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The idea of Social Capital is an attempt to incorporate social considerations into mainstream economic thinking. Its proponents feel that social factors are properly quantifiable. So, they use the compex algebra and statistics beloved of mainstream economic theory and measure 'units' of health care or education in the same way that they would machinery or transport.Ben Fine's main argument in this book is that such concers cannot be judged in terms of mathematical methods and that to try t odo so is overly simplistic.Fine assesses the impact of Social Impact across the social sciences and shows how economic analysis is being subsumed into these areas and how thinking in sociology and politics impacts upon economics.

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And deservedly too. Ben Fine, of the SOAS school of Marxist political economy and one of the major Marxist political economists of this day in general, has written "Social Capital vs. Social Theory" to deal with the intellectual dishonesty and vapidness that is the concept of 'social capital'.

The most obvious point that can be made against social capital is that ALL capital is by definition social, making the phrase meaningless or tautological. Yet that this has been overlooked is not a coincidence: it is, as Fine demonstrates, the direct result of applying the faulty methodology of neoclassical economics to subjects normally placed in the field of the social sciences. Since neoclassical economics cannot correctly perceive capital as a social relation, it is reduced to searching for some sort of 'glue' to explain putatively non-economic, "social", interactions. Fine shows how the concept of social capital is increasingly used by high-profile sociologists and economists to function as this glue.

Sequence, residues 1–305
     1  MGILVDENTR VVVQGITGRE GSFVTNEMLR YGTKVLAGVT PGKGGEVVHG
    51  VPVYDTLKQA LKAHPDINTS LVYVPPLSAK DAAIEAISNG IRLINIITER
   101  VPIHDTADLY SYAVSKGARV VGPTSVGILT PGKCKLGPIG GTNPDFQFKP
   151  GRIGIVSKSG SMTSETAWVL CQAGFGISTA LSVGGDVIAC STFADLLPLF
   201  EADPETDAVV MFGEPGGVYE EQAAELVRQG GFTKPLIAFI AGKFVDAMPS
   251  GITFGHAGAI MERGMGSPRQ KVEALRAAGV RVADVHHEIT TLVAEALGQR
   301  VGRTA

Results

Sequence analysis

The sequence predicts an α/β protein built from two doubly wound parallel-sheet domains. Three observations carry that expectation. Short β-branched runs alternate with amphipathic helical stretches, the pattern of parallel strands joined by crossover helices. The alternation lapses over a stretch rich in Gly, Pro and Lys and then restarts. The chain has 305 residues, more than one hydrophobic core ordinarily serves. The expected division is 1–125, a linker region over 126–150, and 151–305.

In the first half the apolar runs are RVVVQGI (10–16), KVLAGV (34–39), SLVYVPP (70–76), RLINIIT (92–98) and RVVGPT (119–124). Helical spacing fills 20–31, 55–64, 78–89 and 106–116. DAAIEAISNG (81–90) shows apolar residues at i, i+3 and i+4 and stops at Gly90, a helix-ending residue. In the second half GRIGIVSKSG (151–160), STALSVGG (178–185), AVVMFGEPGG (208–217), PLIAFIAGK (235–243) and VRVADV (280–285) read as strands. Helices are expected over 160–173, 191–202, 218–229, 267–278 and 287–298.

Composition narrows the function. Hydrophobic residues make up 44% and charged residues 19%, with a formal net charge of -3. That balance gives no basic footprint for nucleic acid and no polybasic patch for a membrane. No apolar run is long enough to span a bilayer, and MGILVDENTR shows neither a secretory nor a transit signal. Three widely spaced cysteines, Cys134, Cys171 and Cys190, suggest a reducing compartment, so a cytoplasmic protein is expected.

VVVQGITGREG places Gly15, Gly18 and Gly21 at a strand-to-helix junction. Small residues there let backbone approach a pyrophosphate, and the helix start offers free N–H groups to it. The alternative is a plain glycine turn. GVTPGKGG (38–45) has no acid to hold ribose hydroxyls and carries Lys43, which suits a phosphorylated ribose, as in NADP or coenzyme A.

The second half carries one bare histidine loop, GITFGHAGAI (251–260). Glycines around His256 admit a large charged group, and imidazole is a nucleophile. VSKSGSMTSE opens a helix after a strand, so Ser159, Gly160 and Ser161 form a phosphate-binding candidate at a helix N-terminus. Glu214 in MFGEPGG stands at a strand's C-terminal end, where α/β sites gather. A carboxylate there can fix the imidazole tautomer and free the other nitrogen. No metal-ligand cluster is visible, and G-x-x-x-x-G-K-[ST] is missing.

Taking the phrase entirely out of its context (it is a phrase originating with Marxist sociologist Bourdieu!), people like Gary Becker and James Coleman, followed by a host of epigones, apply social capital to every imaginable variable and problem that does not easily lend itself to the standard utility modelling of neoclassical economics. Ben Fine makes short shrift of both the above named, their epigones, and the neoclassical paradigm, including the way the latter has been uncritically copied even by hostile sociologists who lack proper economic training of their own. Fine also addresses the populist packaging of social capital theory as seen in Robert Putnam's (in)famous work "Bowling Alone", and illustrates the inconsistencies and empirical problems with this work.